In this Pentecost season, in the churches in the southern hemisphere, we see the signs of new life begin to emerge in the garden after the long cold Winter. Winter is the time when plant and tree growth slow down and seem to wait till the sun and the conditions are right before the buds of Spring emerge.
I was struck by the words of indigenous leader, Wangarr Dhamarrandji from Galiwinku Community (in the Bible studies from this year’s Uniting Church Assembly) shown in our NAIDOC 12 July service. She spoke of God’s love and creation as interwoven: “If we see God’s creation looking closer to our surroundings and we see closer to God’s love in that creation.”
Certainly, the beautiful jonquil flowers by my letterbox speak to me of how God’s love emerges after a significant time of being hidden like bulbs under the ground. Spring flowers and blossoms can be seen as vivid examples of God’s love. They speak without words of patient trust and bright joy, and invite me and I think, also us, to marvel at the signs of life that the different seasons bring. Perhaps, we might connect our life experiences with the life of plants around us. We too might need time and patience as we slowly emerge, as individuals and as a community from being hidden from view in these last years to re-emerge as a church community.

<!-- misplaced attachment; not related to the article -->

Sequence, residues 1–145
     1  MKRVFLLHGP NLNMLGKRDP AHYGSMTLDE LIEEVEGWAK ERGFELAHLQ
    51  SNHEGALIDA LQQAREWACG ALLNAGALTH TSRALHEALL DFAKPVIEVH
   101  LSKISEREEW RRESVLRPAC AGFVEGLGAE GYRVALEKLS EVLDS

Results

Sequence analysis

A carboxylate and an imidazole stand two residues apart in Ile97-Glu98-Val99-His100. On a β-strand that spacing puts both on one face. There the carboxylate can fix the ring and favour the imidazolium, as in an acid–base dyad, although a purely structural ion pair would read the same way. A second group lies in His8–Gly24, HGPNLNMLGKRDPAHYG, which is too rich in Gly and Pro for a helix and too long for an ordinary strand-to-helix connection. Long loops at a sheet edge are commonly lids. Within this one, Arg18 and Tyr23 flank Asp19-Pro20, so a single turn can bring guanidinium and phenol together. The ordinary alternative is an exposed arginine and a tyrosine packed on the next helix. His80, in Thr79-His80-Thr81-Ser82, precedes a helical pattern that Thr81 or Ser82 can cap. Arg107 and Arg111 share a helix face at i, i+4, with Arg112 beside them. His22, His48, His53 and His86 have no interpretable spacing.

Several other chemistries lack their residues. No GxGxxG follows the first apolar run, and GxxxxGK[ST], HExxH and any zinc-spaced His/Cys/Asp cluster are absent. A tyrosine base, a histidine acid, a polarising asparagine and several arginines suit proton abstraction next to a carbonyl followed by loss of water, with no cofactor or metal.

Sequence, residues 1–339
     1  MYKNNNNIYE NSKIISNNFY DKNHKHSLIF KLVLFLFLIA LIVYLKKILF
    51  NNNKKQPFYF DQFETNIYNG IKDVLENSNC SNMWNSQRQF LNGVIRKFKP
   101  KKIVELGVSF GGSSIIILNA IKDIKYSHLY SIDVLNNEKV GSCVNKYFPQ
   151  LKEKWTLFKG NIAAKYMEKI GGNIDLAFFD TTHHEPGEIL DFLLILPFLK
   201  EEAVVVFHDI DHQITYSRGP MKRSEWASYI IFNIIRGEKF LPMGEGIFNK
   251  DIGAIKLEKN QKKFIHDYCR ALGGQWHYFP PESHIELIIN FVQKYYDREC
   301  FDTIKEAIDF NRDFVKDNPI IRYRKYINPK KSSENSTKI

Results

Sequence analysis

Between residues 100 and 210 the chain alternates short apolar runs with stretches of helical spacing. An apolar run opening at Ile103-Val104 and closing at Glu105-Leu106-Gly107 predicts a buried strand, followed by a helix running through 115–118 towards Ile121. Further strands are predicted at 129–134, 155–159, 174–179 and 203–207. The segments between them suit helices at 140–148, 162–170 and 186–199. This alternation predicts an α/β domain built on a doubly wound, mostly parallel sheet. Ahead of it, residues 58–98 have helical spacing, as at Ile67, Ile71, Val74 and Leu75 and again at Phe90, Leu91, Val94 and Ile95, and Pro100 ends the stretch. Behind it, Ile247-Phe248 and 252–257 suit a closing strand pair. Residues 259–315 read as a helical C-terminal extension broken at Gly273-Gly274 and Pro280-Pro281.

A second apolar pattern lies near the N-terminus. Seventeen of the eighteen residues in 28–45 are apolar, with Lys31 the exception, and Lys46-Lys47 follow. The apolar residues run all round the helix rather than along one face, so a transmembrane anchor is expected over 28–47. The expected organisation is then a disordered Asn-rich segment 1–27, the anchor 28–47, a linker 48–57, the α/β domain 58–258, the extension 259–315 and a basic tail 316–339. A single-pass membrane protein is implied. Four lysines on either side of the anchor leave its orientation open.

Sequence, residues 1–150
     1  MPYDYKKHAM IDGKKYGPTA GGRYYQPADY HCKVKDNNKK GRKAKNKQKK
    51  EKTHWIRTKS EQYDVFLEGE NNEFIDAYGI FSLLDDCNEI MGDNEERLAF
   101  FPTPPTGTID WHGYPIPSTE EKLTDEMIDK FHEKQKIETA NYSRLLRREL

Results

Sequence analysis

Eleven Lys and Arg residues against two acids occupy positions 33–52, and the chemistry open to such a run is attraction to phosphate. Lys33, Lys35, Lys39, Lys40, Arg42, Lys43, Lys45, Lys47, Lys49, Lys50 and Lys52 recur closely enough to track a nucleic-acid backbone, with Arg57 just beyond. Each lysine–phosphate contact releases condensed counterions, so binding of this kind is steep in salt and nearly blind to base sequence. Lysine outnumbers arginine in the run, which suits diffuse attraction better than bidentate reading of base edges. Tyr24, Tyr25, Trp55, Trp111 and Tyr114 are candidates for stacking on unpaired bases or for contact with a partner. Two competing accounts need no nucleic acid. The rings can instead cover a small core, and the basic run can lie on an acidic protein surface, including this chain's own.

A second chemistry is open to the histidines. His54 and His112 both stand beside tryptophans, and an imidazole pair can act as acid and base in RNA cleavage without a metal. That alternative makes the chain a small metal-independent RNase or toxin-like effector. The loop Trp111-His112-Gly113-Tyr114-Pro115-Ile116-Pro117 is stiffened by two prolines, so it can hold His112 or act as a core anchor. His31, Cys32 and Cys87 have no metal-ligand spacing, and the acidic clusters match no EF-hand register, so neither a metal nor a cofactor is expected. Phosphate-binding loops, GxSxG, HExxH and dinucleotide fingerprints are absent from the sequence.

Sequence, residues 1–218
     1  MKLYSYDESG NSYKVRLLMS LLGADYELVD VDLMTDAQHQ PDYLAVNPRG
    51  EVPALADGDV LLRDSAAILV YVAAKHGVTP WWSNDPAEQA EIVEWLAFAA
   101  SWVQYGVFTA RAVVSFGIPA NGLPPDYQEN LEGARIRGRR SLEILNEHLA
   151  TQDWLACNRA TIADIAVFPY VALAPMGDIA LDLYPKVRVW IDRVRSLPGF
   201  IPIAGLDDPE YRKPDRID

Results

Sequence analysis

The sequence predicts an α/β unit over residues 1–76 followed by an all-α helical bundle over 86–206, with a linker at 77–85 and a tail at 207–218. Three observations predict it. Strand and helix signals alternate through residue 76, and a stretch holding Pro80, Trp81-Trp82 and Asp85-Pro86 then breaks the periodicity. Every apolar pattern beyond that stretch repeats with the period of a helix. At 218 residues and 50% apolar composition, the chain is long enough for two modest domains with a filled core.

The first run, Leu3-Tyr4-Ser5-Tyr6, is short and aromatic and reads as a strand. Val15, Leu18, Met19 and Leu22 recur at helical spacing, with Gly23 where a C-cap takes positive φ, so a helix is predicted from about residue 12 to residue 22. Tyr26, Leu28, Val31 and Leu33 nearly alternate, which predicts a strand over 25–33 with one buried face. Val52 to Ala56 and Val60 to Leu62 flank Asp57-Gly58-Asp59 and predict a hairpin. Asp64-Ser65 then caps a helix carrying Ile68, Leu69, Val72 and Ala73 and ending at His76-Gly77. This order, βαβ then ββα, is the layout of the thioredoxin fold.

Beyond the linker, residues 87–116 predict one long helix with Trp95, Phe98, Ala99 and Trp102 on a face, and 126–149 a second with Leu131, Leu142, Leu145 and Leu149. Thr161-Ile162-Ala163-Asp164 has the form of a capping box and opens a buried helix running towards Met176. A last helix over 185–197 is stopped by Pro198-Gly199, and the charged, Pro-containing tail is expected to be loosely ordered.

Pierre Teilhard De Chardin, twentieth century, French Jesuit scholar and scientist, calls us on our journeys of faith to be patient and “Above all, trust in the slow work of God”. His wisdom is expressed here:
Above all, trust in the slow work of God. We are quite naturally impatient in everything to reach the end without delay. We should like to skip the intermediate stages. We are impatient of being on the way to something unknown, something new. And yet it is the law of all progress that it is made by passing through some stages of instability—and that it may take a very long time. And so, I think it is with you;
your ideas mature gradually—let them grow, let them shape themselves, without undue haste. Don’t try to force them on, as though you could be today what time (that is to say, grace and circumstances acting on your own good will) will make of you tomorrow. Only God could say what this new spirit gradually forming within you will be. Give Our Lord the benefit of believing that his hand is leading you, and accept the anxiety of feeling yourself in suspense and incomplete.
—Pierre Teilhard de Chardin, SJ excerpted from Hearts on Fire
In this season, let us trust as Teilhard De Chardin invited the “grace and circumstances” that will accompany us as a pilgrim people still on the way, and not there yet!
We can also in faith trust we are not alone, no matter what the season, that God is beside us, within us, and leading us.
Peace and Blessing